The main focus of these annual announcements is on the in situ land station/ocean buoy/ship data compilations, but as many will know there are a number of satellite products of related variables that offer an independent view of recent trends. Specifically, there are the MSU TLT products (from RSS and UAH) and the AIRS instrument data (flying on NASA’s Aqua satellite since 2003). These products are the combination of raw data (brightness temperatures in the microwave band and IR band respectively) together with complex retrieval algorithms which correct for the presence of clouds or surface emissivity or atmospheric distortions of various sorts. As such, the retrievals are often updated as improved methods are found, or calibration targets refined, or corrections found.

RSS retrievals are on version 4, UAH on version 6, and the AIRS retrievals have just moved to version 7. At each new version, the whole record is reprocessed and while the new results are often highly correlated with the older versions, trends can sometimes be quite different. This ‘structural’ uncertainty in the long term is often neglected when comparing these observations with other products or model output. Nonetheless, it is a significant issue. To illustrate this, note the difference between UAH and RSS below – highly correlated year-to-year, but radically different trends (and therefore interpretations) over the length of the record. For reference, the GISTEMP and HadCRUT5 products can barely be distinguished.

Similarly, the two versions of the AIRS product (v6 (red) and v7 (pink)) are well-correlated from year to year, but diverge notably in the early years of that record (2003-2006). The point being that structural issues in satellite products can have much larger impacts than structural issues in the surface station products (even if you consider the polar problem). Only drawing conclusions that are robust to these issues seems sensible.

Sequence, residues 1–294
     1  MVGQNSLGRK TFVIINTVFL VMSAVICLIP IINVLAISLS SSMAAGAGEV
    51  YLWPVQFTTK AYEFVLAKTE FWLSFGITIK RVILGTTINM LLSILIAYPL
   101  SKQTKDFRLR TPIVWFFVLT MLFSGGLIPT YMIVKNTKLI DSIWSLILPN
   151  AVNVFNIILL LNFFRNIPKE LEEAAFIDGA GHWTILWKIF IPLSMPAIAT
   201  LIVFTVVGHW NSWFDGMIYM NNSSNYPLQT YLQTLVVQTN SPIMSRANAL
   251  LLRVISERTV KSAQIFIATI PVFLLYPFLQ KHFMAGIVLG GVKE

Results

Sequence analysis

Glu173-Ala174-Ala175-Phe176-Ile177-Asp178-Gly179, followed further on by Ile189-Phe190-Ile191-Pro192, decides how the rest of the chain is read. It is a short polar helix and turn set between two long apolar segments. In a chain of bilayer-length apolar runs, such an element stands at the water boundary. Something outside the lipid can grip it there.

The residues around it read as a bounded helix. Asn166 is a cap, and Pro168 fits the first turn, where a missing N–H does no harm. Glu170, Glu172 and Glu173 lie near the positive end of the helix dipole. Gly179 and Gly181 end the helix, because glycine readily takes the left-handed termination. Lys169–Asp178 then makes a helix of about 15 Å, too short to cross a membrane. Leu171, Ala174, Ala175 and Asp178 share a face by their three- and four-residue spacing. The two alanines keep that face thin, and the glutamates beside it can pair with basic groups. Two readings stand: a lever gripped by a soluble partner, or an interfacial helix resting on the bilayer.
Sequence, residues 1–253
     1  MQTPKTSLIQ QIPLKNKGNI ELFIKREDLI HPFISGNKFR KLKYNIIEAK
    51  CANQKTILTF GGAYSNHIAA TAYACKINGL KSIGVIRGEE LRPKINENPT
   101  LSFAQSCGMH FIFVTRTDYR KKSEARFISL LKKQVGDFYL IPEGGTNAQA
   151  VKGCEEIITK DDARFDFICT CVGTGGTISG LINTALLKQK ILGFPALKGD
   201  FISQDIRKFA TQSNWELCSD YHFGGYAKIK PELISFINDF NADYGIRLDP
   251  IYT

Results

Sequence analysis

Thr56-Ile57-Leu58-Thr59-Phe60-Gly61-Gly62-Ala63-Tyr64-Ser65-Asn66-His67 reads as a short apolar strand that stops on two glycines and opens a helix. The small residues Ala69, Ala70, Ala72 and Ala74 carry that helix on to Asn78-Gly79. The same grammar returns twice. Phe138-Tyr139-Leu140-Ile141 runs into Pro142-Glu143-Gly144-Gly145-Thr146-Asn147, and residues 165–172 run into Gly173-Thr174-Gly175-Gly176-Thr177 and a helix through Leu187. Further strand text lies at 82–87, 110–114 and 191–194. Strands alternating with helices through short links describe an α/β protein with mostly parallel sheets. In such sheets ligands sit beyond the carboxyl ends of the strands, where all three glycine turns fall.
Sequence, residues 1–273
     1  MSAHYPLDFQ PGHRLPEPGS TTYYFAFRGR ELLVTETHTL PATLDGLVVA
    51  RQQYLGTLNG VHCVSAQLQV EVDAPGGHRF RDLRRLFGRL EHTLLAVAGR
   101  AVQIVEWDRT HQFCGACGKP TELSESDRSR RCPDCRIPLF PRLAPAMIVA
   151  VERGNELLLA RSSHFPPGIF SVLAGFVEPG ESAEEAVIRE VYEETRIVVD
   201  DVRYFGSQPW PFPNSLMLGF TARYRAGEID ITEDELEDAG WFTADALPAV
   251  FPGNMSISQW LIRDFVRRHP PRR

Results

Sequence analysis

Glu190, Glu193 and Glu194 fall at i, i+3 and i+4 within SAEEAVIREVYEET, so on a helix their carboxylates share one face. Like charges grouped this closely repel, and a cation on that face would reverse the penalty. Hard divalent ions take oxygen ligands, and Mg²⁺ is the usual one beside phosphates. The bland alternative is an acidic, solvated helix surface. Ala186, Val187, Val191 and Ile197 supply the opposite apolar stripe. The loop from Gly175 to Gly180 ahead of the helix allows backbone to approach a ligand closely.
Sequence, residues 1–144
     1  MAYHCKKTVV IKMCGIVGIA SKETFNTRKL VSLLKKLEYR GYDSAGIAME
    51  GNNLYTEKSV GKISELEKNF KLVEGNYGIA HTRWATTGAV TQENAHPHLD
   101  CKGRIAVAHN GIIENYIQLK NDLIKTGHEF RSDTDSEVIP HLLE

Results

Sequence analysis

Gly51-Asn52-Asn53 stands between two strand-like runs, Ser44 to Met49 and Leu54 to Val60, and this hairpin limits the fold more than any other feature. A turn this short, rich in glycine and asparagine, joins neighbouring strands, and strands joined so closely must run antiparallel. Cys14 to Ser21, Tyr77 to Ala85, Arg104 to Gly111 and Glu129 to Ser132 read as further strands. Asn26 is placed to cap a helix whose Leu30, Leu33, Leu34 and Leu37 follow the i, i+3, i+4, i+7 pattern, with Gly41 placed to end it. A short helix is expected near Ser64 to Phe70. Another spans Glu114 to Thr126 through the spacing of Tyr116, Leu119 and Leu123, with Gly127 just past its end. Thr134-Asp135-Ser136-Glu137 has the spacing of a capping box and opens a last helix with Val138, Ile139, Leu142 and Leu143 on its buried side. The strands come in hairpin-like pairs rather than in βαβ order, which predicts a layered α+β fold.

And one pet peeve.

It seems I need to say this every year, but attempts to give a high-precision absolute temperature value for a single year are scientifically invalid. Our knowledge of the absolute global mean temperature has an uncertainty of about 0.5ºC, while the uncertainty in the annual mean anomaly is more like 0.05ºC. You don’t get an accurate number by adding an inaccurate one to an accurate one. What happens when this occurs is that updates in the absolute global mean (because of a new reanalysis, better observational data, etc.) can dwarf the year-to-year anomaly and you end up with an ‘absolute’ number from 24 years ago weirdly being larger than an absolute number today:

One example is sufficient to demonstrate the problem. In 1997, the NOAA state of the climate summary stated that the global average temperature was 62.45ºF (16.92ºC). The page now has a caveat added about the issue of the baseline, but a casual comparison to the statement in 2016 stating that the record-breaking year had a mean temperature of 58.69ºF (14.83ºC) could be mightily confusing. In reality, 2016 was warmer than 1997 by about 0.5ºC!

Just don’t do it.

    N.J.L. Lenssen, G.A. Schmidt, J.E. Hansen, M.J. Menne, A. Persin, R. Ruedy, and D. Zyss, "Improvements in the GISTEMP Uncertainty Model", Journal of Geophysical Research: Atmospheres, vol. 124, pp. 6307-6326, 2019.

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From: left-over man1/19/2021 1:35:05 PM
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Green Wave:

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From: Wharf Rat1/23/2021 7:53:48 PM
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Americans Are Moving To Escape Climate Impacts. Towns Expect More To Come
January 22, 20215:00 AM ET


Doug and Judith Saum moved to New Hampshire from Reno, Nev., to escape the health effects of worsening wildfire smoke.

Annie Ropeik/NHPR

The impacts of climate change could prompt millions of Americans to relocate in coming decades, moving inland away from rising seas, or north to escape rising temperatures.

Judith and Doug Saum have moved already, recently leaving their home outside Reno, Nev.

"It was with a view of the Sierra [Nevada Mountains] that was just to die for," Judith says. "We had a lot of friends, musician friends, we'd get together and play music with them often. It wasn't easy to leave all that."

The Saums had long thought about retiring to Colorado or Montana to be near family. But as they started making those plans several years ago, they were also noticing a new problem: Wildfire season was getting worse and longer in their part of the country, fueled by climate change.